Malaysia jungle graves add to Obama’s trade pact headache in Congress

The discovery of scores of graves in people-smuggling camps in Malaysia is casting a shadow over President Barack Obama’s signature trade deal as U.S. lawmakers consider punishing trading partners that are soft on human trafficking.
Just as Obama’s drive to win “fast-track” trade negotiating authority for the deal entered its most sensitive stage in the U.S. Congress, Malaysian police announced the discovery of 139 graves in jungle camps used by suspected smugglers and traffickers of Rohingya Muslims from Myanmar.
“This new information is very alarming,” Senator Robert Menendez told Reuters, referring to the burials in the Southeast Asian country, which would be a signatory to a massive Pacific trade pact that Obama wants to complete this year.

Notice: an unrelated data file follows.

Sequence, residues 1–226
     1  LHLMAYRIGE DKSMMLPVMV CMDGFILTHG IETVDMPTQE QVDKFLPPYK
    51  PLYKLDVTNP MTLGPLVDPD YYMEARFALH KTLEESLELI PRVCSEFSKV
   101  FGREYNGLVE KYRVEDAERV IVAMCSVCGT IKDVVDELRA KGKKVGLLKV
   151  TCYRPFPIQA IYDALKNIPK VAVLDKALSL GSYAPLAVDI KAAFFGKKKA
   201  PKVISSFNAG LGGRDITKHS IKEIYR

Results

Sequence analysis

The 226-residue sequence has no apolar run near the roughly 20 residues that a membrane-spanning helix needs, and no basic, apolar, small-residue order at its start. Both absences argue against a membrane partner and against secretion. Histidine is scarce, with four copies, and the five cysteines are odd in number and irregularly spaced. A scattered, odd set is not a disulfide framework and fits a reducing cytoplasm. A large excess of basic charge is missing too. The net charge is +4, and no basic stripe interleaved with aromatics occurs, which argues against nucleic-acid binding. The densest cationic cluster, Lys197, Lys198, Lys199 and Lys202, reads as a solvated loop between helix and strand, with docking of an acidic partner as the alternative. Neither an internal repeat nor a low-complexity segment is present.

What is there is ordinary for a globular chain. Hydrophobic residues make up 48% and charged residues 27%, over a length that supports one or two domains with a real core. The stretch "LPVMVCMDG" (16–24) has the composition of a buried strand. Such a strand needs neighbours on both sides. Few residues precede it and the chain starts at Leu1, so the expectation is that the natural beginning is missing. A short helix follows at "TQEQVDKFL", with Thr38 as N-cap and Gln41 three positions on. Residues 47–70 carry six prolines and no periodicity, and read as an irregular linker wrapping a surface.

When Menendez, a Democrat on the Senate Foreign Relations Committee, was asked if he still supported a compromise that he helped craft that would let Malaysia and other countries appearing on a U.S. black list for human trafficking participate in fast-tracked trade deals under certain circumstances, the senator said: “I’d like to try if it’s possible to keep it as it is.”
A spokesman said he is not opposed to the substance of his compromise, although he prefers the original language.
That compromise would have replaced Menendez’s language, currently in a Senate-passed bill pending in the House of Representatives, that would bar from fast-tracked trade deals Malaysia and all other countries that earn the worst U.S. human trafficking rankings.


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